Former municipality of Switzerland

Coat of arms
Coordinates: 46°25′N 8°51′E / 46.417°N 8.850°E / 46.417; 8.850Coordinates: 46°25′N 8°51′E / 46.417°N 8.850°E / 46.417; 8.850
Country Switzerland
Canton Ticino
District Leventina
  Total 57.77 km2 (22.31 sq mi)
Elevation 786 m (2,579 ft)
Population (December 2004)
  Total 402
  Density 7.0/km2 (18/sq mi)
Postal code 6747
SFOS number 5070
Surrounded by Anzonico, Dalpe, Faido, Frasco, Giornico, Lavizzara, Sonogno
SFSO statistics

Chironico is a former municipality located in the district of Leventina in the canton of Ticino in Switzerland. On 1 April 2012, it was incorporated into the municipality of Faido along with the former municipalities of Anzonico, Calpiogna, Campello, Cavagnago, Mairengo and Osco.[1]


Chironico is first mentioned in 1202 as Cuirono.[2] The village lies on a terrace that was partly created by a prehistoric landslide on the opposite side of the valley. The core of the settlement, is made up of the sections of Grumo and Nivo, the latter is the only one in the valley bottom. Above the village center, situated on steeply sloping rock terraces are the settlements of Cala, Doro, Olina, and Osadigo Chiesso. These poorly developed and almost entirely surrounded by farmland settlements are difficult to classify: it can not determine whether they are mountain pasture camps (maggenghi) or proper villages. The mountain village of Gribbio has a road connection, which however is not accessible in winter once the snows fall.

Most of the settlements have chapels that were built in the 16th-18th Centuries. In the past they were inhabited during a large part of the year, and during the Middle Ages may have been occupied year round. At one time they were of crucial importance for the economic and social life of the village, now they have been partially turned into holiday resorts. For centuries, many of the residents emigrated, initially to Italy and starting in the 19th Century to France and England.[2]

From the old Vicinanza of Chironico, which included four or five Degagna, six municipal corporations (or patriziali) have emerged, though they are usually no longer owners of the pastures that they used to use.[2]

In the main core of Chironico, with its typical block buildings, is the small church of S. Ambrogio with a medieval twin apsis and remarkable frescoes. Near the church is the Pedrini tower a six-story residential building probably dating from the first half of the 13th Century. On the outskirts of the village is the medieval parish church of S. Maurizio, in which some testimonies of immigrants who were working as innkeepers in Venice, and a valuable martyrology from 14th-15th Centuries is kept.[2]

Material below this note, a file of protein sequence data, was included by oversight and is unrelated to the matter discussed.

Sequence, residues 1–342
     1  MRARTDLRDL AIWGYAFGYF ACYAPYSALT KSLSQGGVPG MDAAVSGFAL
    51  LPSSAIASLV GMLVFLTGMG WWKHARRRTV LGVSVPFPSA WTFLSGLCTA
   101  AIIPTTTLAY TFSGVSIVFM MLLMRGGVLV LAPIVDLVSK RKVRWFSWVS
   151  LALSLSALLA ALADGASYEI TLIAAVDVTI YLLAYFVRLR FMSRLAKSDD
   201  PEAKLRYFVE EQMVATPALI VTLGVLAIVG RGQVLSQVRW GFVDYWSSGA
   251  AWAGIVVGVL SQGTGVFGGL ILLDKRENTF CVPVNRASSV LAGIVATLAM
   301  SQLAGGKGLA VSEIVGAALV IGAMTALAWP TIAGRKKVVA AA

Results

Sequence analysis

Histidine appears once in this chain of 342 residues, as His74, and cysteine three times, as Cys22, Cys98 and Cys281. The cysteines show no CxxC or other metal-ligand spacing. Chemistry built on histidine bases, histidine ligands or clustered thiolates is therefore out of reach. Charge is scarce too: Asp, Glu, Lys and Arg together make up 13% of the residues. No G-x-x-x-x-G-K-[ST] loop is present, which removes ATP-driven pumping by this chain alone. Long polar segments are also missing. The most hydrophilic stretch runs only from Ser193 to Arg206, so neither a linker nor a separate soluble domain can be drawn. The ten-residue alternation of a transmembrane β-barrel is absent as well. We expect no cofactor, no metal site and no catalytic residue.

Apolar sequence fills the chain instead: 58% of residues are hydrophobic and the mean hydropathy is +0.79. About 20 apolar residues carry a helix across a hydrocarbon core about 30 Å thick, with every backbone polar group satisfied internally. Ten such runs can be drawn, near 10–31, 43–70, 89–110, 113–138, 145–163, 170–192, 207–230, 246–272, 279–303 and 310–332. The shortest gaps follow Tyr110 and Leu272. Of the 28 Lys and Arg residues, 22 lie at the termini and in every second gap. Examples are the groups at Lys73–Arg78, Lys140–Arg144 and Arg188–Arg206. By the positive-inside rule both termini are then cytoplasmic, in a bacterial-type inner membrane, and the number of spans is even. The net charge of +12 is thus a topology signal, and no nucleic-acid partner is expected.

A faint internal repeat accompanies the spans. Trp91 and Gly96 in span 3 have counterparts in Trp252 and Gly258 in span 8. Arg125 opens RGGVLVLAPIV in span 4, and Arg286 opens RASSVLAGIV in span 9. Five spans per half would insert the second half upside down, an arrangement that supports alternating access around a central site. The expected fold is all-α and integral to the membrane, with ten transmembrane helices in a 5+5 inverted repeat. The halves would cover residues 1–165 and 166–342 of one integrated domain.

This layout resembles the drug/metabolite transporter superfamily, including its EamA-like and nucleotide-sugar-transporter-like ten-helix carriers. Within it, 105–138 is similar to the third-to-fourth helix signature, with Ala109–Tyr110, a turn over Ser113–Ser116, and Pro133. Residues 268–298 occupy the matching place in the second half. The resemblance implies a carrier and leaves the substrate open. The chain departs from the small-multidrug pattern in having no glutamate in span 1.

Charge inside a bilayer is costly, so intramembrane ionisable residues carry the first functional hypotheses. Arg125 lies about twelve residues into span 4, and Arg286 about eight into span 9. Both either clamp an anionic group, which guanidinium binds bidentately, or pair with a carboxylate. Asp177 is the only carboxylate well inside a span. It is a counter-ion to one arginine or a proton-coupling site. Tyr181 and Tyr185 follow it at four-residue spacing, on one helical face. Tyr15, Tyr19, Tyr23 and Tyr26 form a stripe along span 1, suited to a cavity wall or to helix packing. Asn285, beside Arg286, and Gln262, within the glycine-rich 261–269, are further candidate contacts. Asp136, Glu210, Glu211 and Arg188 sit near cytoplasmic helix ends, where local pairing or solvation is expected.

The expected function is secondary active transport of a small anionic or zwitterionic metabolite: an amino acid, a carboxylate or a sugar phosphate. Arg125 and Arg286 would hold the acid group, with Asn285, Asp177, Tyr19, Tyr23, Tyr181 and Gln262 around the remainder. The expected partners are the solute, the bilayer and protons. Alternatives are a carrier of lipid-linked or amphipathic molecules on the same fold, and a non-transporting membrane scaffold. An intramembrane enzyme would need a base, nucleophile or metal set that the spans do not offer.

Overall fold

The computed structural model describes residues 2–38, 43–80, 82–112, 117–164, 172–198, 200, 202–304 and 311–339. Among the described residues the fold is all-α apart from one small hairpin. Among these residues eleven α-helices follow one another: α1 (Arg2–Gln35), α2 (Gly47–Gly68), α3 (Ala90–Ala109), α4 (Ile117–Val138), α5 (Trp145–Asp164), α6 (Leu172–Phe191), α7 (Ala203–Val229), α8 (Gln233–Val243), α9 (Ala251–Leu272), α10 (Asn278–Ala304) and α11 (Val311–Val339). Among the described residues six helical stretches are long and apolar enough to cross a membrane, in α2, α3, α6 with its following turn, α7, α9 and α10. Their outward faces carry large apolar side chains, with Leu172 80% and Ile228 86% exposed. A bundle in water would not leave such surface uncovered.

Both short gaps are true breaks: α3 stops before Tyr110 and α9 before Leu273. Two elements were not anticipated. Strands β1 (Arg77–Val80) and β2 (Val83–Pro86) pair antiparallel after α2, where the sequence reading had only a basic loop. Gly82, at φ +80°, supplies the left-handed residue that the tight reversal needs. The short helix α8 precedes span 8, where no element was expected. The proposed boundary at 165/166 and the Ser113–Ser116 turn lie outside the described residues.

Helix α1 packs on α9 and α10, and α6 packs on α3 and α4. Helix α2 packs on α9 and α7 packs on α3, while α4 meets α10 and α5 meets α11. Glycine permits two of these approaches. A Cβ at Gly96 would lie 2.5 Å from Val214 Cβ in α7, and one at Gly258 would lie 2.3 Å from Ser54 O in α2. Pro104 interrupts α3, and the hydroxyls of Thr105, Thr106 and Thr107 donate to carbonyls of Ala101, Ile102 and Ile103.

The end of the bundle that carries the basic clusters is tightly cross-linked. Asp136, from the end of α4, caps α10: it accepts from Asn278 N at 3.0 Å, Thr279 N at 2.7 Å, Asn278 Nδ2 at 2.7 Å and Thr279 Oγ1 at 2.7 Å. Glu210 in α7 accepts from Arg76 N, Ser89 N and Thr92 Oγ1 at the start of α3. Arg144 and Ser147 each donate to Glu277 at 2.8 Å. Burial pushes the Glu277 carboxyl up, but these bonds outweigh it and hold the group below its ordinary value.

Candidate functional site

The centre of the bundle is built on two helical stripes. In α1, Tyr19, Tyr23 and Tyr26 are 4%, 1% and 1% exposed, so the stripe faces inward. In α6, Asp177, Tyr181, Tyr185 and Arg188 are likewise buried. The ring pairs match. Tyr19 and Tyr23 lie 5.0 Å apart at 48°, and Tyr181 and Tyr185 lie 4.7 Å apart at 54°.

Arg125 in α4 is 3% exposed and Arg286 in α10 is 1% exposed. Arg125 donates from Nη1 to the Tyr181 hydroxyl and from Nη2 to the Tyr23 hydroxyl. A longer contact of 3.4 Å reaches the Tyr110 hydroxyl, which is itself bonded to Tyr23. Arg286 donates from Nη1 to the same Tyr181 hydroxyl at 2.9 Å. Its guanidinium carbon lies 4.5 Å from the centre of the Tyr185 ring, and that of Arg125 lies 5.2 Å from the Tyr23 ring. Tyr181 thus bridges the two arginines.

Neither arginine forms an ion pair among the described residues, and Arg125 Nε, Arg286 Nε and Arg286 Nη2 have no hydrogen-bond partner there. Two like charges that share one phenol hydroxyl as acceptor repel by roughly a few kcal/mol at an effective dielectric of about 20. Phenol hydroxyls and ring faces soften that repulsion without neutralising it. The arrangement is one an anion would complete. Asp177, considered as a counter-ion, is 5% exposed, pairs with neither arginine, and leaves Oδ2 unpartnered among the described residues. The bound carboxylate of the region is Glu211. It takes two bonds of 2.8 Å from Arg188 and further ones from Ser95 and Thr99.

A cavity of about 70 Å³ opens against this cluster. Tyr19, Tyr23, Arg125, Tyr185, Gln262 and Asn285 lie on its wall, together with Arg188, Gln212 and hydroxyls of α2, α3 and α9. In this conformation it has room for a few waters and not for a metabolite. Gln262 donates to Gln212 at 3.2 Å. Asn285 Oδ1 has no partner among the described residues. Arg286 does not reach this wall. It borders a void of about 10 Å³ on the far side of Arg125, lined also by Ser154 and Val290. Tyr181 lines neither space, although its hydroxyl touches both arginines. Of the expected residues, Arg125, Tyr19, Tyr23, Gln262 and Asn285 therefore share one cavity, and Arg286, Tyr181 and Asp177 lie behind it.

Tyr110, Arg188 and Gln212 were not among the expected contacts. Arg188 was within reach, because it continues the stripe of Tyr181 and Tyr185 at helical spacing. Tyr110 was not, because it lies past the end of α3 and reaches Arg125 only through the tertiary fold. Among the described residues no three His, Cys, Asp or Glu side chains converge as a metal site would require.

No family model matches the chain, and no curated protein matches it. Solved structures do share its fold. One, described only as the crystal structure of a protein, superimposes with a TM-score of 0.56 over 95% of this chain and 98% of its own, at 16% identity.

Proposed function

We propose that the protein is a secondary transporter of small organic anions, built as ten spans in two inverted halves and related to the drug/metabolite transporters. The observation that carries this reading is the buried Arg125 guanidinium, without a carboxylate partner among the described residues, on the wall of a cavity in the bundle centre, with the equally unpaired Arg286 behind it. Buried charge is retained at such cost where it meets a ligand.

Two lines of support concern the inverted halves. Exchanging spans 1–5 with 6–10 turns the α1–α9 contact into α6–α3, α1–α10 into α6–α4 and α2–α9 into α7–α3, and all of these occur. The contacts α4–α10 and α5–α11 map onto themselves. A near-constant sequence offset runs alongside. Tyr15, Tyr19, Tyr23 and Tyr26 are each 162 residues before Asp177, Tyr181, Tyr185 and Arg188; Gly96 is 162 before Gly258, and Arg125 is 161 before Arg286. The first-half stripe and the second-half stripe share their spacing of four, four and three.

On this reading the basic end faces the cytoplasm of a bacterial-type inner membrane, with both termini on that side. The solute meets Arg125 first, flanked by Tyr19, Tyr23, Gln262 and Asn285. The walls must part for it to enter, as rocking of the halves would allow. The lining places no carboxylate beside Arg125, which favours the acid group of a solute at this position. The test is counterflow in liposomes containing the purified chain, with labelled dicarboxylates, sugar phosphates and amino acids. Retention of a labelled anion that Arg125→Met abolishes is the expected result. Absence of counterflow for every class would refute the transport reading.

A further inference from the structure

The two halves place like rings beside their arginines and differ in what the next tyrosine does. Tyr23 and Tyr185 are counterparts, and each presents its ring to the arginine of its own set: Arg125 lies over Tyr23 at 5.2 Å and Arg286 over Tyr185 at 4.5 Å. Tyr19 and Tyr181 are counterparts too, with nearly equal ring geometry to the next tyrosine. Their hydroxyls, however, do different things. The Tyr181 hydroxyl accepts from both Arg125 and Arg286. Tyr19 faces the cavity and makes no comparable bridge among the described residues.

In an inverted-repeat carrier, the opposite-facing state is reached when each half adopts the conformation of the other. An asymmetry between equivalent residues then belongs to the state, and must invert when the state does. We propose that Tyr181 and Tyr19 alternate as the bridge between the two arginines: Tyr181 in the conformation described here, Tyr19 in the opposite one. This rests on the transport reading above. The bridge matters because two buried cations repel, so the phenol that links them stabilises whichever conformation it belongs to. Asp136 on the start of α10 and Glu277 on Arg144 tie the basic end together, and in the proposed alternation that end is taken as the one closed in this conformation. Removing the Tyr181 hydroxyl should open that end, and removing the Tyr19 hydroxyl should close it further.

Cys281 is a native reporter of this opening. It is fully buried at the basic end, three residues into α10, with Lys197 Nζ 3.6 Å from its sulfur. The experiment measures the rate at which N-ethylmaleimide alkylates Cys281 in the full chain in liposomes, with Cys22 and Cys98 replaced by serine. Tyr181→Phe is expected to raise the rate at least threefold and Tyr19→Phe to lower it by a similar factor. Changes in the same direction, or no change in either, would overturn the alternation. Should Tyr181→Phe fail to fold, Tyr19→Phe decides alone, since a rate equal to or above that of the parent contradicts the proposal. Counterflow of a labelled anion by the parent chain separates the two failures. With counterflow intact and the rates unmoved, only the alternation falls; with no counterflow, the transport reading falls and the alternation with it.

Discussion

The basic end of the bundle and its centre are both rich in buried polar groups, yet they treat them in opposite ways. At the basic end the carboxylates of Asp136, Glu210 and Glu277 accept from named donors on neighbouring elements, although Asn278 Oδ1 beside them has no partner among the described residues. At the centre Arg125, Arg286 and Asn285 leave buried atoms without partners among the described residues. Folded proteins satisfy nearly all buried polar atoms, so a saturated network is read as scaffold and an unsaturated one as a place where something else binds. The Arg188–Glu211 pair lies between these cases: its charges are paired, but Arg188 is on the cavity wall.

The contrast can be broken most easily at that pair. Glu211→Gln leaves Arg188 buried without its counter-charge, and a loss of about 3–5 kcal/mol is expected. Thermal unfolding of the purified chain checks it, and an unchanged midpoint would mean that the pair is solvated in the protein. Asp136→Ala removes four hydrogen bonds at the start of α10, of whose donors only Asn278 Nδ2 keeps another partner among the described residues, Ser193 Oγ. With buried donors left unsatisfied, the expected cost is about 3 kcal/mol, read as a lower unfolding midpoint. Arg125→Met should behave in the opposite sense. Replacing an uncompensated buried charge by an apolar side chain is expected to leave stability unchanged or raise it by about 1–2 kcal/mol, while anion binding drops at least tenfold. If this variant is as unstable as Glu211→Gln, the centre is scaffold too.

During the Middle Ages, the main mule track in the valley led through Chironico.


Chironico has an area, as of 1997, of 57.77 square kilometers (22.31 sq mi). Of this area, 0.62 km2 (0.24 sq mi) or 1.1% is used for agricultural purposes, while 23.2 km2 (9.0 sq mi) or 40.2% is forested. Of the rest of the land, 0.57 km2 (0.22 sq mi) or 1.0% is settled (buildings or roads), 0.77 km2 (0.30 sq mi) or 1.3% is either rivers or lakes and 24.59 km2 (9.49 sq mi) or 42.6% is unproductive land.

Of the built up area, housing and buildings made up 0.4% and transportation infrastructure made up 0.5%. Out of the forested land, 25.2% of the total land area is heavily forested, while 12.7% is covered in small trees and shrubbery and 2.3% is covered with orchards or small clusters of trees. Of the agricultural land, 0.7% is used for growing crops. Of the water in the municipality, 0.4% is in lakes and 0.9% is in rivers and streams. Of the unproductive areas, 14.1% is unproductive vegetation and 28.5% is too rocky for vegetation.[3]

The municipality is located in the Leventina district, on the right slope of the mid-Leventina valley at an elevation of 786 meters (2,579 ft). The municipality stretches from the Ticino river at the Biaschina-Schlucht (elevation 450 m (1,480 ft)) up to the Pizzo Campo Tencia (3,072 m (10,079 ft)) in the upper Piumogna valley. The core of the settlement, is made up of the sections of Grumo and Nivo, the latter is the only one in the valley bottom. Above the village center, situated on steeply sloping rock terraces are the settlements of Cala, Doro, Olina, and Osadigo Chiesso. The mountain village of Gribbio has a road connection.[2]

Coat of arms

The blazon of the municipal coat of arms is Gules a pilgrim clead Sable and a chief Argent lined with walls line embatteled "alla Ghibellina".[4]


Chironico has a population (as of December 2015) of 394.[5] As of 2008, 4.0% of the population are resident foreign nationals.[6] Over the last 10 years (1997–2007) the population has changed at a rate of -7.3%.

Most of the population (as of 2000) speaks Italian(87.8%), with German being second most common ( 6.9%) and Serbo-Croatian being third ( 4.5%).[7] Of the Swiss national languages (as of 2000), 28 speak German, 354 people speak Italian, and 1 person speaks Romansh. The remainder (20 people) speak another language.[8]